Archivists have a tough job even when they are adequately supported. They somehow have to predict what records future historians will judge to be truly significant. But now the State Department is cutting archivists completely out of the process: Instead, it will start using machine learning algorithms to separate the “historic” from the “temporary.” Going forward, it is not even planning to turn these records over to the National Archives — a clear violation of the Federal Records Act. And so far there has been no public acknowledgment or discussion of this plan. When a group of concerned historians met with Archives senior staff members, they did not even seem to be aware of it.
In fairness, the National Archives’ own inspector general has repeatedly warned that its information-technology systems are antiquated and unreliable. Mr. Ferriero himself announced that in two years the Archives will no longer accept paper records — it simply doesn’t have any more room for them. Everything must be digital, or the departments and agencies must use their own resources to scan them.
The C.I.A. alone had an estimated 160 million pages of paper records as of the late 1990s, and since then it has released less than 10 percent — fewer and fewer every year. It has not even reviewed the vast majority of the holdings of the clandestine branch for public release, claiming they are exempt from normal declassification review. The agency has a long history of destroying records related to the overthrow of democratically elected governments, mind control experiments and torture. Once the National Archives closes the door, does anyone know what will become of all the other secret documents hidden in locked file cabinets at the Pentagon, the F.B.I. and the National Security Agency?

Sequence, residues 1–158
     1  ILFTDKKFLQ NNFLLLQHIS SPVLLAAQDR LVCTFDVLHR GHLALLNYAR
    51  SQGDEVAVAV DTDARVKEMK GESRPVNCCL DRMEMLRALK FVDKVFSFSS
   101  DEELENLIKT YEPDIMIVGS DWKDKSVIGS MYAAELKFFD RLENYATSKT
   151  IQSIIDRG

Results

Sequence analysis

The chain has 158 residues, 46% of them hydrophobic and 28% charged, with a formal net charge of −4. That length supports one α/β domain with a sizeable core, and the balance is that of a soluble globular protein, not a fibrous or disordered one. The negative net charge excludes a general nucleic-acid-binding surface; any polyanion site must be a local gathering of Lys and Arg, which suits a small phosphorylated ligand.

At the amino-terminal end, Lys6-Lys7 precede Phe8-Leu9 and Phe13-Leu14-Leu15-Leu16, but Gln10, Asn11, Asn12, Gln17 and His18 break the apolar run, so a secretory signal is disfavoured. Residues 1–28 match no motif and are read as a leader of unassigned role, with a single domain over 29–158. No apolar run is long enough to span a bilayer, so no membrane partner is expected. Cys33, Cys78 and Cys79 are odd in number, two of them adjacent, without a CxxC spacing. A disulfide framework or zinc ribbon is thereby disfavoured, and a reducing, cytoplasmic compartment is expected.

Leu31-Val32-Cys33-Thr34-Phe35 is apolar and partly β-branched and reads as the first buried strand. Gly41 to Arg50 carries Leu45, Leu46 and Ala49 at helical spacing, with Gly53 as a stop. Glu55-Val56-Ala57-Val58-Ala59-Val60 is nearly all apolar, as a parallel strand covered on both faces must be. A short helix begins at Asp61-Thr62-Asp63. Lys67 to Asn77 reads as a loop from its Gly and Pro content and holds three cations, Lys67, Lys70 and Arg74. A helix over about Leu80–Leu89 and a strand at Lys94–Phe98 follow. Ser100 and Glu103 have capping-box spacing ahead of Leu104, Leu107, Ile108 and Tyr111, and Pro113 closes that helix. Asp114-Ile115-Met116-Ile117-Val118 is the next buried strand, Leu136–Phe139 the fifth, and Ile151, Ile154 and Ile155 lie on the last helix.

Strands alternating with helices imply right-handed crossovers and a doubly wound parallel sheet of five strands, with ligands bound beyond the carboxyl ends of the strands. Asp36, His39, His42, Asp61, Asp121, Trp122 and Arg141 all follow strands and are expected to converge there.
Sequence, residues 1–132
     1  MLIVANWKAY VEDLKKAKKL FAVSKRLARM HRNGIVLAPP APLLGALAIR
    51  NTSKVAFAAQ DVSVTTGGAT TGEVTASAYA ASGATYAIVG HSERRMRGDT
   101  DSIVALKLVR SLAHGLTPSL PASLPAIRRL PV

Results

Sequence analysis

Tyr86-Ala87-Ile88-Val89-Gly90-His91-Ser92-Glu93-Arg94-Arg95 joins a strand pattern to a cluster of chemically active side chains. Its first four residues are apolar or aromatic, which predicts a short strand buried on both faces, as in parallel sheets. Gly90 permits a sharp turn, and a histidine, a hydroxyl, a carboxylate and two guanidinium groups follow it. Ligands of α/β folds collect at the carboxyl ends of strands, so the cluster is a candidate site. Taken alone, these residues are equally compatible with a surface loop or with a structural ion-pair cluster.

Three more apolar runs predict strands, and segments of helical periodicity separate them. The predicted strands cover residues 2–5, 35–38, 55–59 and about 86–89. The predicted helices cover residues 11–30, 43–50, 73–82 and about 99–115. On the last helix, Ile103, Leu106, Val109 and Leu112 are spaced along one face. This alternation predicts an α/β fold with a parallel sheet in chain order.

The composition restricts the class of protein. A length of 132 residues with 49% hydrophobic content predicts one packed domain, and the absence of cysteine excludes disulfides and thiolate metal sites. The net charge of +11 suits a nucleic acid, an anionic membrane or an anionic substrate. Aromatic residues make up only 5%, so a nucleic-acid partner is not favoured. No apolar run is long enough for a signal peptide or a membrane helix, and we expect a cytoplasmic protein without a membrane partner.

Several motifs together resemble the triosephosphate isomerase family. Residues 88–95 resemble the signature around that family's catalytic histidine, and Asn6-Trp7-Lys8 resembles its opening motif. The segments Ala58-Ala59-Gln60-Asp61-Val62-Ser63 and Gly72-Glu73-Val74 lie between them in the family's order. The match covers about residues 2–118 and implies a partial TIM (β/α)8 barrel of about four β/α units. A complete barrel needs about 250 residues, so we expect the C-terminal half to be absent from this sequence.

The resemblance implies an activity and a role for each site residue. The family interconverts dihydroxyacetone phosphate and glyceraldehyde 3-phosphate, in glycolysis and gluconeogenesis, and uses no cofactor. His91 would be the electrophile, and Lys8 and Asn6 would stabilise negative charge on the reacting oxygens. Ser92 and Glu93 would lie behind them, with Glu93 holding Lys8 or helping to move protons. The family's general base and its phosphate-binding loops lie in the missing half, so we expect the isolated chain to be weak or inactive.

What is driving this mad rush to delete or destroy the historical record, rather than preserve it for future generations? It is not just the Trump administration. For more than a decade Congress has simply been unwilling to pay for such preservation. Since 1985, the volume of archived paper records has more than tripled. The number of data records has gone from fewer than 13 million to more than 21 billion. But the National Archives has fewer employees now than it did then. Adjusted for inflation, it has a smaller budget than it did a decade ago, and Congress has cut that budget every year for the last three years.
Is it any wonder that, according to a new policy announced last year, the National Archives does not plan to maintain any more presidential libraries? At the George W. Bush Library, the last of its kind, approximately 158 million pages of records await review. With the current staff, it is estimated it will take nearly 250 years.
When Franklin D. Roosevelt established the first presidential library almost 80 years ago — his own, in Hyde Park, N.Y. — he called it “an act of faith.”
He wrote: “To bring together the records of the past and to house them in buildings where they will be preserved for the use of men and women in the future, a Nation must believe in three things: It must believe in the past. It must believe in the future. It must, above all, believe in the capacity of its own people so to learn from the past that they can gain in judgement in creating their own future.”
So what are we supposed to believe, when we no longer seem to have the capacity even to preserve a record of the past, much less learn anything from it? One thing is clear: When politicians, caught committing malfeasance, claim that they will let future historians judge, you can’t possibly believe them.